Art is created in a broad stroke with largest paint brush imagineable. It’s the appreciation of another’s work enough to research it, talk about it, collect it, share it. It depends on one’s perspective of life. One sees a sea of flowers; another a gateway of pain. One sees squiggles; another, divinity.

It’s all relative — it’s all Art.

Don’t compare what you see in an artist’s dream with what others see. If you’d like, read the artist’s explanation, then feel it, interpret it as you will. As with many other virtues, Art is an ideal all men strive for but often misunderstand. It is an expression of you but a reflection of others.

Some incredible interpretations found on my journey through North Carolina:

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Next:  the Biltmore

Sunday Evening Art Gallery Blog — Jennifer Maestre

A #2 pencil and a dream can take you anywhere  ~~ Joyce A. Myers

Sculpture artist Jennifer Maestre, born 1959 in Johannesburg, South Africa, is a Massachusetts-based artist, internationally known for her unique pencil sculptures.

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Her sculptures were originally inspired by the form and function of the sea urchin.

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The spines of the urchin, so dangerous yet beautiful, serve as an explicit warning against contact.

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According to Maestre, there is true a fragility to the sometimes brutal aspect of the sculptures, vulnerability that is belied by the fearsome texture.

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To make the pencil sculptures, Jennifer take hundreds of pencils, cut them into 1-inch sections, drills a hole in each section (to turn them into beads), sharpens them all and sews them together.

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Jennifer Meastre’s fantastic art is a tribute to her eye for nature, its fragile state, and the magical way it protects itself.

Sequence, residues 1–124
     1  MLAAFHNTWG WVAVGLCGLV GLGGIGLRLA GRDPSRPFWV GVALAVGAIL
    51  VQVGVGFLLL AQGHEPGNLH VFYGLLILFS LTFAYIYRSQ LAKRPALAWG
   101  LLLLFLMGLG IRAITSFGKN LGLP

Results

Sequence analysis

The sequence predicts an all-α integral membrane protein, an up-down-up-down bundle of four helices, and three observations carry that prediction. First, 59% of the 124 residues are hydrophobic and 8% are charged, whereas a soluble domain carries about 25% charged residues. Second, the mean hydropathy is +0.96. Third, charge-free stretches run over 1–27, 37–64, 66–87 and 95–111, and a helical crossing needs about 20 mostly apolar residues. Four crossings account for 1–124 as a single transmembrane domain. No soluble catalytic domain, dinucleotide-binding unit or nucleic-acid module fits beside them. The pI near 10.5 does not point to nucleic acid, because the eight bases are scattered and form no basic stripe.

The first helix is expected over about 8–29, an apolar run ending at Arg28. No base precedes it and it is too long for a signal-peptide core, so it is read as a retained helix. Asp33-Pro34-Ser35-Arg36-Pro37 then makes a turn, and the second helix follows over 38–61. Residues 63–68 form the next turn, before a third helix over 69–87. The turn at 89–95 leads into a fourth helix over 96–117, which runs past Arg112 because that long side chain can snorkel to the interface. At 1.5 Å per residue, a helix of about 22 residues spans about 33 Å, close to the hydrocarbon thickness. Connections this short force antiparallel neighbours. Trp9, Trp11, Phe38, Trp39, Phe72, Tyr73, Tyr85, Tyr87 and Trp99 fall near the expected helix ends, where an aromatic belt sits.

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Jennifer Maestre’s sculptures can be found at http://www.jennifermaestre.com/.

Sunday Evening Art Gallery Blog — James Doran-Webb

Wild horses…couldn’t drag me away….

Rolling Stones

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The amazing power of life and freedom has been captured perfectly in sculptor James Doran-Webb’s breathtaking driftwood sculptures.

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The driftwood’s seemingly unique forms lend themselves perfectly to figures such as wolves and horses and dragons.

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Working together with a team of craftsmen, it can take 1,000 to 3,000 hours to make a life size sculpture, depending upon the complexities of the armature and anatomy.

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James started to design driftwood furniture in the early 2000’s and it was while playing with the various natural forms that he was drawn to experiment with his first driftwood animal sculpture.

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His large supply of wood has made it possible for him to find the pieces which most lend themselves to the natural form and shape needed to give his animals the movement and reality he strives to obtain in every piece he creates.

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James Doran-Webb believes that his art is meant to promote environmental consciousness.

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If I could make one person a little more aware of nature and the impact of nature on their lives I would be happy. I am a firm believer in our need to practice sustainable living in order to give future generations a better chance of survival.

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James Doran-Webb‘s fantastic driftwood sculptures can be found at his website, http://jamesdoranwebb.com; a great article also can be found at http://www.boredpanda.com/driftwood-dragon-sculptures-james-doran-webb/.

Who Am I Tonight?

Alright Readers, Writers, Painters, Sculptors, and all other Creative Musi —tumblr_n768syHP341tp9r4eo1_500

I have been on the writing rollercoaster for quite some time now, enjoying the ride when I can get it, thinking about it when I can’t. It feels good to admit that I have focus, a purpose, and a plan (at least this week).

Before I settled on my current plan, I entertained another idea. A book, a novel, that would have taken a lot of research and smart thought and emotes in worlds I don’t often delve into.

I was going to write a book about dementia from the patient/subject point of view.

Being a mixed genre writer, I was going to throw in some faerie stuff in the prologue, and have that be in the patient’s thoughts throughout the book. The ending I was going to leave up to the readers. It wasn’t going to be campy; it was going to be merely a different take on the situation.